For those of us who have been in the mortgage industry for any length of time, we understand the complexities surrounding guidelines, the importance of staying up to date on key changes within the industry and how our communication to both our clients and partners is imperative in order to build and maintain relationships.
In this regard, 2021 has not disappointed, as it has already been full of the stark reality that the changing of the guard within the White House hasn’t given us much insight into the future of our housing market. One thing that has certainly been a topic of conversation is the recent rumblings that President Biden’s administration may look to do away with or revamp the three major credit reporting agencies as a way to bridge potential disparate treatment and help eliminate racial bias.
Interesting? Absolutely. Welcomed? Possibly.
One of the larger points of contention that I hear almost daily from consumers is around credit scores and the variances between the scoring metrics when it comes to mortgage lending. Historically, consumers have found themselves striving to obtain the highest credit scores possible in the hunt for the best interest rates, the most favorable loan terms and to obtain personal goals, which ultimately can lead to their own personal financial freedom.
This same population of consumers also feels the sting when one mistake, such as a missed payment — whether intentionally or reported incorrectly — can undo years of hard work. For some consumers, the lack of education surrounding these scoring metrics can produce a snowball effect both for them and what they pass down to their children.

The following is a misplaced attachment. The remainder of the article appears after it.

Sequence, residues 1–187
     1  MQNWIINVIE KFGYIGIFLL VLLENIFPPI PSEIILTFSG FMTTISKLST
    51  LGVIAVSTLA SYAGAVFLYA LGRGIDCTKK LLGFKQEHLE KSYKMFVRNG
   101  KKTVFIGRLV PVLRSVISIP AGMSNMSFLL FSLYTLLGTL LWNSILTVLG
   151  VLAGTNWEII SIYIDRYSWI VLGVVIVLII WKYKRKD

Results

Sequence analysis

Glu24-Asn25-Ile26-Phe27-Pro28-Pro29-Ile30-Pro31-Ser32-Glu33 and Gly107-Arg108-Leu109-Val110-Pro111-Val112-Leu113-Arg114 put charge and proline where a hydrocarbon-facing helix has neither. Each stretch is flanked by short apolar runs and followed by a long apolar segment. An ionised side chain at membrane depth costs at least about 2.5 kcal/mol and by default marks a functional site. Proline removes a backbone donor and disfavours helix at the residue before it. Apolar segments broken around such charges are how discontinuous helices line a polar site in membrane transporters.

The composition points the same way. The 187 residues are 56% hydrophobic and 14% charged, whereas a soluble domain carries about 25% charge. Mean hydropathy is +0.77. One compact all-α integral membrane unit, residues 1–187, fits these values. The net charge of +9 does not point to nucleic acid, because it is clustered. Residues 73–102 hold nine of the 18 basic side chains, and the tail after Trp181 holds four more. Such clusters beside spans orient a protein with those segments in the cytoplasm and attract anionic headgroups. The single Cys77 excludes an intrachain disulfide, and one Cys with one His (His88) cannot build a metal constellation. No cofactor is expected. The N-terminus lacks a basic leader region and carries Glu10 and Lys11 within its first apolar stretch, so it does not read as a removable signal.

While there are plenty of positives when it comes to credit reporting, it has been used more as a protection for the financial industry than a tool for consumers to build and sustain generational financial empowerment, which could be a great shift if this plan can find its footing.
The mortgage industry has evolved with new guidelines and consumer-friendly regulations put into place, yet we are still relying on a monopolized credit reporting system that not only gives us each a score but deems one individual more credit-worthy than the next, without a ton of information available around that data or how it is derived.
That same data is stored and housed by the reporting agencies, but also sold to outside parties to continuously market. There are several different scoring models which are easily lost in translation, so a more fluid and transparent system could be a refreshing change as it would streamline and take the guesswork out of consumer credit reporting and how it could be one of the most powerful tools in their financial toolbox.
A reset of sorts may be met with some opposition, but ultimately what we need is a system that works for both the financial lenders and the consumers alike. This is not to say that the current system with the big three is all bad, but now may be a great time to explore some more modern approaches to how credit reporting is used for and against consumers.
There are certainly many arguments on all sides of the coin around this potential change, but one thing that we can probably all agree on is that implementing a system that is fair, accurate and works for all demographics may be a welcome sight within the financial and lending hub. I am sure we will see more around this topic in the near future so it should be interesting nonetheless to see how we in the industry may face yet another change and how we all handle it.
This column does not necessarily reflect the opinion of HousingWire’s editorial department and its owners.
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